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Case study 1.1. ‘First Bank’ PLC-, page 15 1. Explain the competitive consequences of ‘pulling out’ of internet banking for this company. 2. Discuss the impact a decision to ‘pull out’ of internet...

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Case study 1.1. ‘First Bank’ PLC-, page 15
1. Explain the competitive consequences of ‘pulling out’ of internet banking for this company.
2. Discuss the impact a decision to ‘pull out’ of internet banking will have on this company and
similar companies in terms of future technology-based initiatives.
3. Identify the strategic role of operations of a Bank and explain, how can a bank improve
customer take-up of its internet banking initiative?
Case study 2.3: Operations Strategy in Action, page 32
1. Read the article and discuss how operations can provide strategic advantage to this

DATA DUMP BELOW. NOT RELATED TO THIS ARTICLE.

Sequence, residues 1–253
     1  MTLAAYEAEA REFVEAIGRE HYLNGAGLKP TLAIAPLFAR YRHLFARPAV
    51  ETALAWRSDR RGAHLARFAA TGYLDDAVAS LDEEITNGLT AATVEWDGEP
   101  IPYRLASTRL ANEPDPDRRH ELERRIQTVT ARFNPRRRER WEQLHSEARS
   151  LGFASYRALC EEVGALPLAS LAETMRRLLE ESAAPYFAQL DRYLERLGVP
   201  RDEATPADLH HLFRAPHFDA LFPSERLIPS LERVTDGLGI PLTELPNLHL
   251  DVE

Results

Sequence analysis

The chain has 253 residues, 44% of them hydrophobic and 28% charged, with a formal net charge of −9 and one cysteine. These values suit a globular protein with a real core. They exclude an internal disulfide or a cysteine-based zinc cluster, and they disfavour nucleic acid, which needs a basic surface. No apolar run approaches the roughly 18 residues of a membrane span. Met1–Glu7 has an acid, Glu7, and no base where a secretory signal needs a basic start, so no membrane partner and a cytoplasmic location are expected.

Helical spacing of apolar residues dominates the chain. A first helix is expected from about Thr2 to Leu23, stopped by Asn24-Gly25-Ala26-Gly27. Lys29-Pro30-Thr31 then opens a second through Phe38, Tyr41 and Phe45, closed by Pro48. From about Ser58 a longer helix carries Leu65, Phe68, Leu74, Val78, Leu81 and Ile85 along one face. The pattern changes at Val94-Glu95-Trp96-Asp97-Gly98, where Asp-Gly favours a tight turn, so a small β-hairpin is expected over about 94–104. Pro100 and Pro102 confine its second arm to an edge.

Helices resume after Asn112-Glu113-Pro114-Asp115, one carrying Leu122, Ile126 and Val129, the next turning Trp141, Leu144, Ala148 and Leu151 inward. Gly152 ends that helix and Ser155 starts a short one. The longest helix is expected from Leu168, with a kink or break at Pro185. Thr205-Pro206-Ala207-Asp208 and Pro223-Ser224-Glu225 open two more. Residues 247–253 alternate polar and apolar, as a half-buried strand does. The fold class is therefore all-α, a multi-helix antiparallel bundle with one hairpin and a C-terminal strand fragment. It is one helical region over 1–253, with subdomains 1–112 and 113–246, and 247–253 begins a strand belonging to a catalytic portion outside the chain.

organisation.
2. Discuss the performance of the company in terms of the five performance objectives and
the relationship among these performance objectives.
3. Discuss a suitable operations strategy approach for these kinds of organisations.
Case study 4.1: Line Balancing in a Manufacturing Plant, page 88-91
1. Identify the process type used in this organisation and explain the rationale to balance a
production line of a manufacturing plant.
2. Explain the strategies that are used to balance a production line in this case study.
3. Explain alternative strategies to balance a production line in a manufacturing plant.
Case study 6.4: RFID American Apparel, XXXXXXXXXX
1. Explain the application of RFID as a process technology and how RFID has helped American
Apparel.
2. Explain why American Apparel only have one of each item on the shelves and how RFID help
the organisation to achieve this objective.
3. Explain the cu
ent limitations of RFID.
Case study 8.3: F1 Pitstop, page XXXXXXXXXX
1. Read the case study and draw a process map for the Pit-stop processes.
2. Discuss why organisations should follow the path of the F1 pit crew to improve their process
management in their organisations.
3. Discuss how can this Pit-stop process be improved
Case study 10.3: Using Workforce Scheduling to Lower Labour Costs, page 235